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Eur J Appl Physiol. 2004 May;91(5-6):622-7. Epub 2003 Dec 18.

Endurance training attenuates exercise-induced oxidative stress in erythrocytes in rat.

Author information

1
Department of Physiology, Faculty of Medicine, Ataturk University, Erzurum, Turkey.

Abstract

The aim of this study was to investigate whether endurance training reduces exercise-induced oxidative stress in erythrocytes. Male rats (n=54) were divided into trained (n=28) and untrained (n=26) groups. Both groups were further divided equally into two groups where the rats were studied at rest and immediately after exhaustive exercise. Endurance training consisted of treadmill running 1.5 h x day(-1), 5 days a week for 8 weeks, reaching the speed of 2.1 km x h(-1) at the fourth week. For acute exhaustive exercise, graded treadmill running was conducted reaching the speed of 2.1 km x h(-1) at the 95th min, 10% uphill, and was continued until exhaustion. Acute exhaustive exercise increased the erythrocyte malondialdehyde level in sedentary but not in trained rats compared with the corresponding sedentary rest and trained rest groups, respectively. While acute exhaustive exercise decreased the erythrocyte superoxide dismutase activity in sedentary rats, it increased the activity of this enzyme in trained rats. On the other hand, acute exhaustive exercise increased the erythrocyte glutathione peroxidase activity in sedentary rats; however, it did not affect this enzyme activity in trained rats. Erythrocyte glutathione peroxidase activity was higher in trained groups compared with untrained sedentary group. Neither acute exhaustive exercise nor treadmill training affected the erythrocyte total glutathione level. Treadmill training increased the endurance time in trained rats compared with sedentary rats. The results of this study suggest that endurance training may be useful to prevent acute exhaustive exercise-induced oxidative stress in erythrocytes by up-regulating some of the antioxidant enzyme activities and may have implications in exercising humans.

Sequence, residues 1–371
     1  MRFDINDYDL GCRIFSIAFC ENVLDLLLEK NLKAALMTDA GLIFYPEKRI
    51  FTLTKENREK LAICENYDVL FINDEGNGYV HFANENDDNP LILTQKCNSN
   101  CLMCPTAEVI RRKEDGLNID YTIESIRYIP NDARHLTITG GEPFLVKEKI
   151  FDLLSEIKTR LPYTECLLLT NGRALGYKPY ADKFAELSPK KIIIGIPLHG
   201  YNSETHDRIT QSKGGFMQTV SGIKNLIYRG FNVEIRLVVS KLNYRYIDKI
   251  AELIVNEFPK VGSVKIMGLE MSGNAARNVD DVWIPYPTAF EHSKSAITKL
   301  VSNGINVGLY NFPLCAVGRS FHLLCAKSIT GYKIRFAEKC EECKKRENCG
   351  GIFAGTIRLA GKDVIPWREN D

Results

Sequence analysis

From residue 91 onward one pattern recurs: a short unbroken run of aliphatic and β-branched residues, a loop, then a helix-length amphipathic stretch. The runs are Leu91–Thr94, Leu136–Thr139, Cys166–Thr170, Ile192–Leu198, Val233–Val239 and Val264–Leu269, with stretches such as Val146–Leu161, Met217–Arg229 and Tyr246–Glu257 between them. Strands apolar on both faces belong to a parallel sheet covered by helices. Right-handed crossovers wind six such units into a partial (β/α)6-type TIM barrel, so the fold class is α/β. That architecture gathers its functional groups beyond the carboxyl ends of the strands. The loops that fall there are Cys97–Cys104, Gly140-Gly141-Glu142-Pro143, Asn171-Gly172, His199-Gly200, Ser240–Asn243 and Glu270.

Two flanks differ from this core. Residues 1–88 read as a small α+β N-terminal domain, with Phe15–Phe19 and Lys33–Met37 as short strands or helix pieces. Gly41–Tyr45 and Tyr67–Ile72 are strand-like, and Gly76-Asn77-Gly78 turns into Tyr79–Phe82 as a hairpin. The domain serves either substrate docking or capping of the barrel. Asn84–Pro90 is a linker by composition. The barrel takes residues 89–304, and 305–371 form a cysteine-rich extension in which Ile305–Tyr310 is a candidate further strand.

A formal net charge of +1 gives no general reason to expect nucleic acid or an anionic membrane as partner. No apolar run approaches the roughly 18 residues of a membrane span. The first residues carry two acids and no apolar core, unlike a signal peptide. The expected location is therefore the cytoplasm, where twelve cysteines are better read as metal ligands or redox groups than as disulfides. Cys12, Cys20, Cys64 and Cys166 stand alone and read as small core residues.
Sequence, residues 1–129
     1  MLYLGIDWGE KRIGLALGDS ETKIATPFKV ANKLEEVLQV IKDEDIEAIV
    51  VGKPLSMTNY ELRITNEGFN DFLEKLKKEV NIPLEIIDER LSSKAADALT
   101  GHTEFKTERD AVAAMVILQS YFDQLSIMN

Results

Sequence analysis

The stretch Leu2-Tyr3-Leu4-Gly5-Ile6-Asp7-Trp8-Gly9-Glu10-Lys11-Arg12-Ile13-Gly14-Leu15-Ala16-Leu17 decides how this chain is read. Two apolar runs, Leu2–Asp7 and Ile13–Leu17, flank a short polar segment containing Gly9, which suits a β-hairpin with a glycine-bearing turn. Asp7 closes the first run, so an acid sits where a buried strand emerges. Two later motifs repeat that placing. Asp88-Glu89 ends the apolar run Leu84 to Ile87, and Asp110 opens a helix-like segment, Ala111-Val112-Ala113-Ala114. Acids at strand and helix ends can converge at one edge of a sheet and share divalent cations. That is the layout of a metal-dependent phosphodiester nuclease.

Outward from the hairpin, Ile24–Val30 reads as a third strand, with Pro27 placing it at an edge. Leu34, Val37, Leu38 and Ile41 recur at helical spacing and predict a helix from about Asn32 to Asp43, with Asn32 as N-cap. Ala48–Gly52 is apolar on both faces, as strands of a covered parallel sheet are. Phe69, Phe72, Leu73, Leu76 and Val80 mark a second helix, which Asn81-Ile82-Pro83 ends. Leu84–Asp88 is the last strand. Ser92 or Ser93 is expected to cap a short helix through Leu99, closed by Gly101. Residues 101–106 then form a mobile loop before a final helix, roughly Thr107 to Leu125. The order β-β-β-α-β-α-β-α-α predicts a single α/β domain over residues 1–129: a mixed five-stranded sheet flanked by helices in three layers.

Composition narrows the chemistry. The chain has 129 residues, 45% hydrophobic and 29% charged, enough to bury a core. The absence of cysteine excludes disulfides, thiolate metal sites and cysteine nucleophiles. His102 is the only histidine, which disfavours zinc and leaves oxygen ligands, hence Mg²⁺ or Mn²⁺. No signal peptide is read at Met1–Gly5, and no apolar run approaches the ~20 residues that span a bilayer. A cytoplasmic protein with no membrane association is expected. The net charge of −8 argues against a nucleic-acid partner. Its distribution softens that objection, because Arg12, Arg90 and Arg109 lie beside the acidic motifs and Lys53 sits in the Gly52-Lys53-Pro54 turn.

PMID:
14685869
DOI:
10.1007/s00421-003-1029-6
[Indexed for MEDLINE]

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